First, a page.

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  Founder: Len Mullenger
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Johannes BRAHMS (1833-1897)
Piano Trio in B Op. 8 (1853-54 rev 1889)
Violin Sonata in G Op. 78 (1878-79)
Violin Sonata in A Op. 100 (1886)
Artur Schnabel (piano)
Joseph Szigeti (violin)
Pierre Fournier (cello)
Recorded live in Edinburgh and London, August and September 1947
ARBITER 121 [78.03]

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Schnabel’s period of post-War European music-making was brief. In 1947 he organised a flexible ensemble with which to tour – Joseph Szigeti, Pierre Fournier, William Primrose, the violinist and quartet leader Ernest Element and bassist James Merrett. Fortunately enthusiasts managed to record some of the repertoire and it makes its first appearance here – from the Edinburgh recital of 30th August and the London ones of 22nd and 26th September. The circumstances of the private recordings were such that the sound is frequently poor – there’s no getting around this fact; acetate scuffs, waver, distortion, some constant acetate swishes in the opening movement of the Sonata in G, the fact that inevitably some acetate joins are less than perfect, splashy sound and some fragmentation. Those for whom this sort of thing is anathema should back out now. But for everyone else there are strong reasons for perseverance – and you will be rewarded with frequently magnetic performances and in the case of the trio in particular, a synthesis of musical minds, personalities and aesthetic priorities which produces a reading of astonishing tension.

The Trio in B features Schnabel rather backward in the balance but we can still appreciate his marshalling intelligence and the seemingly infinite layers and shades of colour he can impart. In the Scherzo he is astonishing in his tonal reduction and at pointing the rhythm, which he does with absolute surety. The string players make a fruitful contrast, Szigeti a little wiry by now, Fournier nobility itself – the study and contrasts in bowing is in itself fascinating even though the violinist does come under a little pressure here. The movement ends in a movingly elfin benediction, creating entirely the most apt introduction to the ten and a half minute but perfectly sustained Adagio. All three musicians spin the most moving and expressive line here, long breathed and infallibly textured – passing frailties are of little account as one listens to Schnabel’s weight and seriousness, Szigeti’s plangent portamenti and Fournier’s tonal allure. The finale is fine, dramatic and strongly etched and concludes a performance of all-embracing wisdom.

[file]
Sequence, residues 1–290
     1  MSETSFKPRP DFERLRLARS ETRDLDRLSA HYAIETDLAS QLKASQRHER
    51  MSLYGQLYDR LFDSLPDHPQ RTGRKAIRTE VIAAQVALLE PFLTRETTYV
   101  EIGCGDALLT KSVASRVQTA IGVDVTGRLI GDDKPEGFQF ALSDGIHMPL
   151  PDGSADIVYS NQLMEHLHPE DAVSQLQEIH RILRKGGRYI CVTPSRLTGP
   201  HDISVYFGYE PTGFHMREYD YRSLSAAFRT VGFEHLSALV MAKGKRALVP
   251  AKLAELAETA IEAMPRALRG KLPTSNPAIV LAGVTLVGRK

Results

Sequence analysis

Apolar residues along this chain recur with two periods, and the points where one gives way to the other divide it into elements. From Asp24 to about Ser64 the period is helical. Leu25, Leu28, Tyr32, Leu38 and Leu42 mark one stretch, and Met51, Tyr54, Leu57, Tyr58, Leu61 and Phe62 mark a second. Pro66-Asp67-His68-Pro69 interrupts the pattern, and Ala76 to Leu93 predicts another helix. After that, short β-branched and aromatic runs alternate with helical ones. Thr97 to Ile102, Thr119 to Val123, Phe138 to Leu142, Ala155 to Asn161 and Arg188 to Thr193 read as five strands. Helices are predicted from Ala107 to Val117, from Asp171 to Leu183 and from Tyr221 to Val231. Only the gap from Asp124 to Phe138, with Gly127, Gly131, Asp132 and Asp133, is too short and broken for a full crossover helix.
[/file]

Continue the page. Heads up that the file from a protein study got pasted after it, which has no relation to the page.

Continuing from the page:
As I said there is some extensive acetate damage in the opening of the Op 78 Violin Sonata but we can still manage to listen through it – the attempt is worthwhile believe me – to the flexible lyricism imparted by Szigeti and Schnabel. Especially admirable is the way the violinist coils and colours his tone in the Adagio. Both men follow the molto moderato instruction of the Allegro finale to the letter; most instructive to hear the regality and tonal depth of Schnabel’s Brahms playing juxtaposed with Szigeti’s portamento rich, tonally rather shriller aesthetic. Their playing is full of clarity and direction and the occasional split note and coarsening tone from Szigeti one of those heat of the moment things. It’s a pity that the private recordist had to change acetates so late in the movement – at 6.15 to be accurate – but Arbiter have here – and elsewhere – managed these things as well as one could reasonably expect. No one can complain. Op 100 has its fair share of splintery and scuffed sound as well as a bit of waver but is in superior sound to the earlier sonata. This is a splendid performance as well – verdant and fresh, wise and alive, with the beautiful repose of the Andante tranquillo explored with affectionate animation. Occasionally the recording will emphasise a clanging from the piano – especially in the final movement - but this won’t spoil ones pleasure of this generous reading.

Further it should be noted that Szigeti’s commercial recordings of the first two Brahms sonatas are hard to come across – he recorded them with Horszowski; Op 78 in April 1951 for Columbia and Op 100 in March 1959 for Mercury by which time he was well into decline and near the end of his career. Another live performance of Op 100 with Schnabel has circulated - from the Frick Museum in April 1948. But these live recital performances in London in 1947 are must-haves despite the attendant aural distractions. For the nobility and beauty of the Trio one should drop everything.

Jonathan Woolf



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